King crab family bigger than ever

Dec 02, 2009
The image shows Lithodes galapagensis, the only king crab species yet recorded from the seas around the Galapagos Islands. Credit: NOCS

Sally Hall, a PhD student at the University of Southampton's School of Ocean and Earth Science (SOES) at the National Oceanography Centre, Southampton (NOCS) has formally described four new species of king crab, all from the deep sea.

Hall discovered the new in the Smithsonian Collections of the National Museum of Natural History in Washington. Explaining the significance of the find, she said: "King crabs include some of the largest currently inhabiting Earth and are fished by humans, particularly from the shallower waters of the polar regions. The new discoveries increase the total number of king crab species known to 113."

The new species are Paralomis nivosa from the Philippines, P. makarovi from the , P. alcockiana from South Carolina, and Lithodes galapagensis from the Galapagos archipelago - the first and only king crab species yet recorded from the seas around the . P. nivosa and P. makarovi came from previously unidentified samples collected in the early part of the twentieth century by the US Bureau of Fisheries steamer, Albatross.

King crabs were first formally described in 1819. They are now known from subtidal waters at high latitudes, but deep-sea species occur in most of the world's oceans, typically living at depths between 500 and 1500 metres.

"We are only now beginning to understand the incredible diversity of animals living in the deep sea," said Hall: "It is incredible that the Albatross collection is still yielding new information, even though it is over 100 years since this survey of deep-sea life began."

It is now clear that species of deep-sea king crab live in most areas of the world's oceans, but many more species remain to be discovered. "The oceans off eastern Africa, the Indian Ocean and the Southern Ocean are all particularly poorly sampled," said Hall: "We need to know which king crab species live where before we can fully understand their ecology and evolutionary success."

More information: Hall, S. & Thatje, S. Four new species of the family Lithodidae (Decapoda: Anomura) from the collections of the National Museum of Natural History, Smithsonian Institution. Zootaxa 2302, 31-47 (2009). www.mapress.com/zootaxa/2009/f/z02302p047f.pdf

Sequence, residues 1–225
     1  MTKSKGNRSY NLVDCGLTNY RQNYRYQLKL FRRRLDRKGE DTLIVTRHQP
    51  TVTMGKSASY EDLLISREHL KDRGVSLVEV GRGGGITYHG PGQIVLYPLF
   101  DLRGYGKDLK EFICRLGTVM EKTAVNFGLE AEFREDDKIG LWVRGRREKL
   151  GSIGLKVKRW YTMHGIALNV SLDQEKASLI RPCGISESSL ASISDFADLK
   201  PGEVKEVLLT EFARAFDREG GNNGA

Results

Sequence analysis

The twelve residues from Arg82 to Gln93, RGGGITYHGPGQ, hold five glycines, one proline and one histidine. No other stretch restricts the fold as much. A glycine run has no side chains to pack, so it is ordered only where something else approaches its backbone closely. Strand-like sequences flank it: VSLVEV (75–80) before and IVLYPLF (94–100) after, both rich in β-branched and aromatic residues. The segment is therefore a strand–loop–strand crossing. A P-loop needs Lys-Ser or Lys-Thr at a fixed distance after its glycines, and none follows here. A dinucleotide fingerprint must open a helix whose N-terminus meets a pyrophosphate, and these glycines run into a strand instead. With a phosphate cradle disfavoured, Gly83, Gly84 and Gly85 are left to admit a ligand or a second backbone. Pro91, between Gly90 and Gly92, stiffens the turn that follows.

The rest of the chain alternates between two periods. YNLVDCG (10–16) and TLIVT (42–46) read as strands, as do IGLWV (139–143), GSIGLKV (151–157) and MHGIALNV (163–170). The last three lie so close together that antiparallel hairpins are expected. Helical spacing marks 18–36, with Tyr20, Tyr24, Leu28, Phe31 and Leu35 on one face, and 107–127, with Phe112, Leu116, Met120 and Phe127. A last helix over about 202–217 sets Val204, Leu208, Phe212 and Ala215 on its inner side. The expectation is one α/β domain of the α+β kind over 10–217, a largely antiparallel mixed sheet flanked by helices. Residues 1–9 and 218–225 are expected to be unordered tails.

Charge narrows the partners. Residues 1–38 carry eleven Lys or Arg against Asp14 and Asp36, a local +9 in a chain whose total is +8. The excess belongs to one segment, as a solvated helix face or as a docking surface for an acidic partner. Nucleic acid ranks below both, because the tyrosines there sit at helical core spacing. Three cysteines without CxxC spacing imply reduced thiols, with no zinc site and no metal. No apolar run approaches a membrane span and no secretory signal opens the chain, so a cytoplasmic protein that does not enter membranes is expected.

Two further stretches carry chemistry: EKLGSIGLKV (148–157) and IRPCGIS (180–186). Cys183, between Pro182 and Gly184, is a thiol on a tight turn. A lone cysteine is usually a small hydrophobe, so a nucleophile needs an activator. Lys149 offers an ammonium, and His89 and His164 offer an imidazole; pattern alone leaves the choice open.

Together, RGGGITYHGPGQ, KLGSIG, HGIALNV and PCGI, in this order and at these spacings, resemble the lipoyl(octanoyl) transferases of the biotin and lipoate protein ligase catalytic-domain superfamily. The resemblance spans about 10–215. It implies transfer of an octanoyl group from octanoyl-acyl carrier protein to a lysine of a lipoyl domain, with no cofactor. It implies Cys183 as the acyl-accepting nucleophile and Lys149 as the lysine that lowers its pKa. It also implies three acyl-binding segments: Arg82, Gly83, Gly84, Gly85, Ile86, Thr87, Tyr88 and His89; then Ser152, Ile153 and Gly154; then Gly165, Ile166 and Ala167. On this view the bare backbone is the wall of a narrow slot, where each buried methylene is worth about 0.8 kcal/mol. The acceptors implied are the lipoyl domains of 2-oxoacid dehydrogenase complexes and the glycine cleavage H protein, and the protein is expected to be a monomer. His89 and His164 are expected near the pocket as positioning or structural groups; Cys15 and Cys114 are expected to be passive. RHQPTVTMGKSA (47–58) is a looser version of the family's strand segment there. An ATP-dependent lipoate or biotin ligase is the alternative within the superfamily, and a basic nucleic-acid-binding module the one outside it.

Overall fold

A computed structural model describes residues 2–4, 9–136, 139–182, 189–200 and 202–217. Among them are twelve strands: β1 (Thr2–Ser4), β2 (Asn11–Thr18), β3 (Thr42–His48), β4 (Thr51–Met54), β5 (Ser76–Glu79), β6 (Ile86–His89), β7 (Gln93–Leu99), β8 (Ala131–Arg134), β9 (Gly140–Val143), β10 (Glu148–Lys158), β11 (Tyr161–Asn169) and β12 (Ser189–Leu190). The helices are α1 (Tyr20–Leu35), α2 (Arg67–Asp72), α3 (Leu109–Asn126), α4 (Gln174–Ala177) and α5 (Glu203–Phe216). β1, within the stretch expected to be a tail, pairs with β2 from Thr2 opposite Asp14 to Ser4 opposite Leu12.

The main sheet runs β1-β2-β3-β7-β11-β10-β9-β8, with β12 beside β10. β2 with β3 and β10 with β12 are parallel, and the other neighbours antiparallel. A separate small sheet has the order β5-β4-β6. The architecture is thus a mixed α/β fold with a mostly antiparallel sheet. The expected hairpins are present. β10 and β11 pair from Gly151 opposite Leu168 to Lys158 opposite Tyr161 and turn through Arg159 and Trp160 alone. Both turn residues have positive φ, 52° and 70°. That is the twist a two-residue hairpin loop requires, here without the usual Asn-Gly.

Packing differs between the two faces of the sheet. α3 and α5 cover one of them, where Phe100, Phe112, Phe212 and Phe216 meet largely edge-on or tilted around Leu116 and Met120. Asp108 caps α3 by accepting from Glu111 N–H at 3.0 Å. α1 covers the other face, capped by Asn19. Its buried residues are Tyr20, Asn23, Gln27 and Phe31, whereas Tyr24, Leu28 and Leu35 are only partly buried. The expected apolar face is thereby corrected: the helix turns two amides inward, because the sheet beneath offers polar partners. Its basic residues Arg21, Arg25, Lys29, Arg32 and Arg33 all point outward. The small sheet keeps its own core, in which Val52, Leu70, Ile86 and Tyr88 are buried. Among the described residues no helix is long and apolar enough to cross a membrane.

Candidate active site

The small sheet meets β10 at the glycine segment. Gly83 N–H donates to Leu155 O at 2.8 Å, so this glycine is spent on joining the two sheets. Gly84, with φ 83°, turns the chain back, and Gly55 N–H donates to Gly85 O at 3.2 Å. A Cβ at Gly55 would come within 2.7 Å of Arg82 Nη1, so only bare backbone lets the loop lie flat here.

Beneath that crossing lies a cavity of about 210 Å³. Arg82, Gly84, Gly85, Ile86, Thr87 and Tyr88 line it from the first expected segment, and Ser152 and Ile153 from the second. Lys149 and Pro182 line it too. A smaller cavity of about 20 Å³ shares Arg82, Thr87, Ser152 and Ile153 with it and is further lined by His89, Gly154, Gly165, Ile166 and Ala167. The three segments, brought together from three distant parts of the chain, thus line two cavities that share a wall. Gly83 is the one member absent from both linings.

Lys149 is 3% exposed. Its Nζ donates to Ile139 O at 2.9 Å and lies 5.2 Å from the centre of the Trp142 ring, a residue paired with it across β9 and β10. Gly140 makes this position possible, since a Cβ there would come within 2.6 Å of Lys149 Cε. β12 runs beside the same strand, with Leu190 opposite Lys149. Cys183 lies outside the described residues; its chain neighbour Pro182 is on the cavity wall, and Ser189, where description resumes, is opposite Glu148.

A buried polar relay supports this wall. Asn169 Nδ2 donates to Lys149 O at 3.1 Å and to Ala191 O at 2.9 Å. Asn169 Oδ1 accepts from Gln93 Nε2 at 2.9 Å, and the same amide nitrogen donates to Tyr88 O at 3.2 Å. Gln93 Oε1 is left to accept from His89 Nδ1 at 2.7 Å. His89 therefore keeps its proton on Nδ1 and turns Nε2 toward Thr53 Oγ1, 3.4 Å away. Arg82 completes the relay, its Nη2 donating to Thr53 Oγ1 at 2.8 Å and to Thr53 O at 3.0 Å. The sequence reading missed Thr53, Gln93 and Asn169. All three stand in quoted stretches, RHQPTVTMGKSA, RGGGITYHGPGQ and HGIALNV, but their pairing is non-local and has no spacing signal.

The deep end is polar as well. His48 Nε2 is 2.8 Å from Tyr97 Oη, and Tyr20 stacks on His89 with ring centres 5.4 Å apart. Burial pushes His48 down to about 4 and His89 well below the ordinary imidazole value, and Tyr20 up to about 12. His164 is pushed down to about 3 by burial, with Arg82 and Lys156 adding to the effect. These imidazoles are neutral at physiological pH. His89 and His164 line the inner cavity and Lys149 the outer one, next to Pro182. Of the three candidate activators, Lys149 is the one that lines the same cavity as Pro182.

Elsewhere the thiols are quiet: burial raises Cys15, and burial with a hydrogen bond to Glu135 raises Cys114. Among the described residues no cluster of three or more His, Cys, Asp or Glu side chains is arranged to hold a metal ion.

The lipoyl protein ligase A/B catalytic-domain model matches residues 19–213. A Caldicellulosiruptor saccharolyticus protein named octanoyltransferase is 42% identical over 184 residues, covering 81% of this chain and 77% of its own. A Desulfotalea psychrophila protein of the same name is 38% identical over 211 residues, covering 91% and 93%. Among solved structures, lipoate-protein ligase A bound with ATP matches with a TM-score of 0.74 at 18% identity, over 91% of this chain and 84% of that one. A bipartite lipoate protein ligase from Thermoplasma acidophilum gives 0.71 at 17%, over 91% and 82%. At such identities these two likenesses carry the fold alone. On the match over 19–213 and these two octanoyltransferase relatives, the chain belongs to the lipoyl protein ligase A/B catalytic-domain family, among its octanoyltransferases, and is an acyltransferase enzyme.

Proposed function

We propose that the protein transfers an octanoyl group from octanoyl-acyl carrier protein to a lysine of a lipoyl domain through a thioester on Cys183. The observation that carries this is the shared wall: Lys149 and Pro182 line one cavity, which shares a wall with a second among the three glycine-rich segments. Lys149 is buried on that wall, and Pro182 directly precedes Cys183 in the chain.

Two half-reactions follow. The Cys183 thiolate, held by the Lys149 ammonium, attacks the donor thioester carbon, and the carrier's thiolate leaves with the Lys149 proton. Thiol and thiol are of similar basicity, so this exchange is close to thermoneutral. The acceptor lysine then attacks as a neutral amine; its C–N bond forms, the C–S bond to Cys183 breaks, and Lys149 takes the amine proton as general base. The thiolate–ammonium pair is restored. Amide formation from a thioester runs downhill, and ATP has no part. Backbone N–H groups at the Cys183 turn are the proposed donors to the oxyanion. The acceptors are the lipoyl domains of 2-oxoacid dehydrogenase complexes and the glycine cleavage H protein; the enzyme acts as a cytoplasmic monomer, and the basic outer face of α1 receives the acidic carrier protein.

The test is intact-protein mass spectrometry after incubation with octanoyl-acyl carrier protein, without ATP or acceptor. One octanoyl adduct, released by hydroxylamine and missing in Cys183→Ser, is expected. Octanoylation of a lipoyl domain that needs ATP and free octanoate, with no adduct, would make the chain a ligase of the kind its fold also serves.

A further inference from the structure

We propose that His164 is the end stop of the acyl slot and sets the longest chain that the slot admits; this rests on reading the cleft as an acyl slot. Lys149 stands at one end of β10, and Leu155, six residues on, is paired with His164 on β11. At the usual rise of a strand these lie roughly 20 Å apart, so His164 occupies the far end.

Source: National Oceanography Centre, Southampton

Explore further: Bats may be mistaking wind turbines for trees

add to favorites email to friend print save as pdf

Related Stories

New study reveals king crabs go deep to avoid hot water

Jul 02, 2009

Researchers from the University of Southampton have drawn together 200 years' worth of oceanographic knowledge to investigate the distribution of a notorious deep-sea giant - the king crab. The results, published this week ...

Crab nabbed; circumstances fishy

Aug 10, 2006

MIT researchers have confirmed the first sighting of a Dungeness crab in the Atlantic Ocean. The male, whose species is common on North America's West Coast, was caught off Thatcher Island, Massachusetts, on ...

Scientists discover new life in the Antarctic deep sea

May 16, 2007

Scientists have found hundreds of new marine creatures in the vast, dark deep-sea surrounding Antarctica. Carnivorous sponges, free-swimming worms, crustaceans, and molluscs living in the Weddell Sea provide ...

Recommended for you

Biological sciences professor publishes pupfish research

just added

Craig Stockwell, professor of biological sciences, has co-written a research article that evaluates the history of the Devil's Hole pupfish, which rapidly evolved following its isolation. The article published Sept. 17 in ...

Blame coffee farm rust fungus for rising coffee prices

40 minutes ago

Wonder why that cup o' joe is so expensive? The culprit, says ecologist Ivette Perfecto of the University of Michigan, is a fungus sweeping through coffee plantations in Mexico and Central America, limiting ...

Bats may be mistaking wind turbines for trees

2 hours ago

Certain bats may be approaching wind turbines after mistaking them for trees, according to a study to be published in the Proceedings of the National Academy of Sciences.

Group: Wildlife populations down drastically

14 hours ago

Populations of about 3,000 species of wildlife around the world have plummeted far worse than previously thought, according to a new study by one of the world's biggest environmental groups.

User comments : 0